Susan Friedman (US) on Virginia Woolf and Kabe Wilson

8:00 pm


Presentation and Discussion | Susan Stanford Friedman (US):
Why We Need Literature, Art, and Fantasy: The Case of Virginia Woolf and Kabe Wilson

Why are literature, art, and fantasy important to the genders and cultures of equality? They don’t offer hard facts, policy initiatives, political strategies, or economic benefits. But they help to make new futures. These projects of the imagination and the study of them need to be vital partners in the making of new futures aimed at social justice for human and non-human worlds.

In this presentation Virginia Woolf Professor Susan Friedman (US) explores what the humanities offer by examining how a hope for a more equitable future can be forged through a creative, even fantastical, engagement with the past. She will discuss the work of Kabe Wilson, a contemporary multimedia artist and novelist, who recycles Virginia Woolf’s A Room of One’s Own that makes it usable for the future.
Cutting up Woolf’s essay into word-pieces, he reassembles these words (and only these words) into a novel titled Of One Woman Or So, by Olivia N’Gowfri (an anagram of Woolf’s name and title). It features a mixed-race queer student at Cambridge who burns down the University Library, but stops short of destroying Woolf’s displayed manuscript, deciding instead to “recycle” it. This “remix” performs a fantastical parable of how feminists today can imaginatively engage with the past to remake a more equitable future—not by burning down or ignoring the past but by making the old new.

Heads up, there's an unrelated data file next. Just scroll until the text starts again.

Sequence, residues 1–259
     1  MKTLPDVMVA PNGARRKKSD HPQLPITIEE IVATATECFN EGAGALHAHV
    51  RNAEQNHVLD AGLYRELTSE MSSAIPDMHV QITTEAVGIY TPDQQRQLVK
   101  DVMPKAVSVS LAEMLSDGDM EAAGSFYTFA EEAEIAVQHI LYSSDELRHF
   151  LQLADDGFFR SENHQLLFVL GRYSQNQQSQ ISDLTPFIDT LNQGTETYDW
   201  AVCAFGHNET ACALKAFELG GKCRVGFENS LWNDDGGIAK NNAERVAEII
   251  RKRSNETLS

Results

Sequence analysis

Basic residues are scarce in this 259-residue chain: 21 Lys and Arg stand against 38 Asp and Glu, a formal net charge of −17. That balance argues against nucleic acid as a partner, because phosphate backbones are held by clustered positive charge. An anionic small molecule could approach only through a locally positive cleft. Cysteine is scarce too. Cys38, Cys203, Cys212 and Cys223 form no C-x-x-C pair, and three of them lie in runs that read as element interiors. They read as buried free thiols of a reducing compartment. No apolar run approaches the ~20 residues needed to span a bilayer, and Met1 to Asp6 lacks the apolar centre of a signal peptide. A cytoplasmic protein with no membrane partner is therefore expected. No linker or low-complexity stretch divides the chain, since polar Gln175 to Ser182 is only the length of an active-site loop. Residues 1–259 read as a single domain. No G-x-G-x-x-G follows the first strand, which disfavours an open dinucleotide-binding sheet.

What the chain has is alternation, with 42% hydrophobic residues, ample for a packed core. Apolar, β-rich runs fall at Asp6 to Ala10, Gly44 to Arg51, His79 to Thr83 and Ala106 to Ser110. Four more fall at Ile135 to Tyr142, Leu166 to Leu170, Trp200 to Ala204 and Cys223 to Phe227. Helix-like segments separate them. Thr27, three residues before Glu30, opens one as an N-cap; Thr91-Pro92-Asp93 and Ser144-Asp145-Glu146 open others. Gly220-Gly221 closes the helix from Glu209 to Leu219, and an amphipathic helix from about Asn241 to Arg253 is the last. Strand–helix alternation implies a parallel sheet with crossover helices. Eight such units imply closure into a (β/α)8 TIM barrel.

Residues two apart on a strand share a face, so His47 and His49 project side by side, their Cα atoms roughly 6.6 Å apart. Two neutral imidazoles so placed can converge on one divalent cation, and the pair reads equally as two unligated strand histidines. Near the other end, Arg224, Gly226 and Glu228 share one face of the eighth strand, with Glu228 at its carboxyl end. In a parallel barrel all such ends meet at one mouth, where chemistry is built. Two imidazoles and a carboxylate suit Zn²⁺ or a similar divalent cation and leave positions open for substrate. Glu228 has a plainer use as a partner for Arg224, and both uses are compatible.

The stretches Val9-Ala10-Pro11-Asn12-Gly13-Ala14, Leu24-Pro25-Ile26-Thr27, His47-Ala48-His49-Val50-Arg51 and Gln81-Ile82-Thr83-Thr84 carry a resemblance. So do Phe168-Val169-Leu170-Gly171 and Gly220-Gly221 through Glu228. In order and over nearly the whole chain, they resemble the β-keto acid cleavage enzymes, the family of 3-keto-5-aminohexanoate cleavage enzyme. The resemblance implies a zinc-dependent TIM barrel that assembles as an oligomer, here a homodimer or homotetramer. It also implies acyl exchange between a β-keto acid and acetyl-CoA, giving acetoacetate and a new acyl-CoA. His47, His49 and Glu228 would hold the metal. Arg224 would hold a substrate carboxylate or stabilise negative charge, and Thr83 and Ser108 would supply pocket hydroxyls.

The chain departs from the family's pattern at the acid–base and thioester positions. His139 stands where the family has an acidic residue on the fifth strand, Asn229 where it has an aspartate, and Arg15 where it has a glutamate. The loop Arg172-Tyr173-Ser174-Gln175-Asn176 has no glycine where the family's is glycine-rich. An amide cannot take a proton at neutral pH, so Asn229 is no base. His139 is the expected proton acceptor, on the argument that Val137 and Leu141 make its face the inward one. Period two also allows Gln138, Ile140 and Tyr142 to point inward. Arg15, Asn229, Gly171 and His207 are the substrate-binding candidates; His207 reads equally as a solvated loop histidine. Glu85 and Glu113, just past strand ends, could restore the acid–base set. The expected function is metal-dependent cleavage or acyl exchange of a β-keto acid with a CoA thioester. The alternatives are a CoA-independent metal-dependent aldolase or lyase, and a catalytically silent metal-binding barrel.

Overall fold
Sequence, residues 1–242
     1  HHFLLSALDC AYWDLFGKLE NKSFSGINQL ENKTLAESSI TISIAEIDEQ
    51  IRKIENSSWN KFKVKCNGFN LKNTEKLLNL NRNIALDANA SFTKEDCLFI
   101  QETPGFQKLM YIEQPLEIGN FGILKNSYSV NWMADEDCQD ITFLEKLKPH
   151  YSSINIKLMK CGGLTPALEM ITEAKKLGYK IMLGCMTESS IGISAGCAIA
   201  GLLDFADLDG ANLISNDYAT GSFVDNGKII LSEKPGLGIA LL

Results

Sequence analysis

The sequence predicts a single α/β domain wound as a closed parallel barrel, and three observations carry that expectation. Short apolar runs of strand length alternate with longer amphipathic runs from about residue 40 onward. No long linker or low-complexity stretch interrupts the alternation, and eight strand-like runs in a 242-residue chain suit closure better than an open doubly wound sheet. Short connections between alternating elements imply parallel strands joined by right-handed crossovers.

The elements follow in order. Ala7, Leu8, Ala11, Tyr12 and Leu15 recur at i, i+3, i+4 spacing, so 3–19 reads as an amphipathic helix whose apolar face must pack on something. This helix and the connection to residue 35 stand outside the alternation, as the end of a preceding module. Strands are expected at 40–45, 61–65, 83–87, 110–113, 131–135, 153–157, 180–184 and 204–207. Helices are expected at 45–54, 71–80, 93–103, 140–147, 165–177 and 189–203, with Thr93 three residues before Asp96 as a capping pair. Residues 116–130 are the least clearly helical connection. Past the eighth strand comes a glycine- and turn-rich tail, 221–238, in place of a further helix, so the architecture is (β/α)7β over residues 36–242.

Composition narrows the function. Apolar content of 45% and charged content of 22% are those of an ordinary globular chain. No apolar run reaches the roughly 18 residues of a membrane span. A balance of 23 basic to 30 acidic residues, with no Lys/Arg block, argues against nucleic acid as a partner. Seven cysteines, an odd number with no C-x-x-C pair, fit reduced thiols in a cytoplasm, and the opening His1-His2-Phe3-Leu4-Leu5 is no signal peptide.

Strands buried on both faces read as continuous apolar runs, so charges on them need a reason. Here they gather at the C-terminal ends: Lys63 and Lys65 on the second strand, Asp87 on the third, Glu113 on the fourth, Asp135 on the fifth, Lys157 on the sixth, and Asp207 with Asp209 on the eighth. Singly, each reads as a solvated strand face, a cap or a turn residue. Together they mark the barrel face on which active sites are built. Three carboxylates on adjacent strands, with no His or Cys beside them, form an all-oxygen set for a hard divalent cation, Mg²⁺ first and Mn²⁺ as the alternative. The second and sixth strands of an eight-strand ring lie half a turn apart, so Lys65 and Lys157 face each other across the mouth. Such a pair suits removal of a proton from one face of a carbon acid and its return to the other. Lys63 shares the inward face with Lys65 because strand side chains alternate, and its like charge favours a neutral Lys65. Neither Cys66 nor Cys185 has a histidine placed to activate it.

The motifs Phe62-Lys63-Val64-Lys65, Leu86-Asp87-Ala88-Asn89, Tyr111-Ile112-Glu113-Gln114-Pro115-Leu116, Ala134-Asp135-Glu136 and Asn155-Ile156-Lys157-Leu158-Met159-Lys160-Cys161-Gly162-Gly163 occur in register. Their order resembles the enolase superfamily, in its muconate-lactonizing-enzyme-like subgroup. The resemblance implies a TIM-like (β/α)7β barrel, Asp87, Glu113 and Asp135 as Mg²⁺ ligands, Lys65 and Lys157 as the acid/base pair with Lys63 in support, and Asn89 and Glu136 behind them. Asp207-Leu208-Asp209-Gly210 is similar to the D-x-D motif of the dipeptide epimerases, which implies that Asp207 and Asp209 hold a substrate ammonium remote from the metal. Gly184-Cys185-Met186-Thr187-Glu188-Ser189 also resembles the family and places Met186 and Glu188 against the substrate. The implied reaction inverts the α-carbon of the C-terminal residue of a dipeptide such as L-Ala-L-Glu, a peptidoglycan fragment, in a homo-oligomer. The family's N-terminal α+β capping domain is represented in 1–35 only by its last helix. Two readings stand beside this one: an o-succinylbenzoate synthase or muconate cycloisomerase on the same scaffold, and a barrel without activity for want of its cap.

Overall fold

This presentation was held before at the GRACE conference in Kingston upon Hull (GB) in May 2016.

Susan Stanford Friedman (US) is Hilldale Professor in the Humanities and Virginia Woolf Professor of English and Women’s Studies at the University of Wisconsin-Madison. Her most recent book is Planetary Modernisms: Provocations on Modernity Across Time (2015), and she has published widely on modernism, feminist theory, narrative theory, psychoanalysis, migration/diaspora studies, and academic feminism. Currently she is working on Sisters of Scheherazade: Religion, Diaspora, and Muslim Women’s Writing and an edited volume that includes her work on Woolf and Kabe Wilson.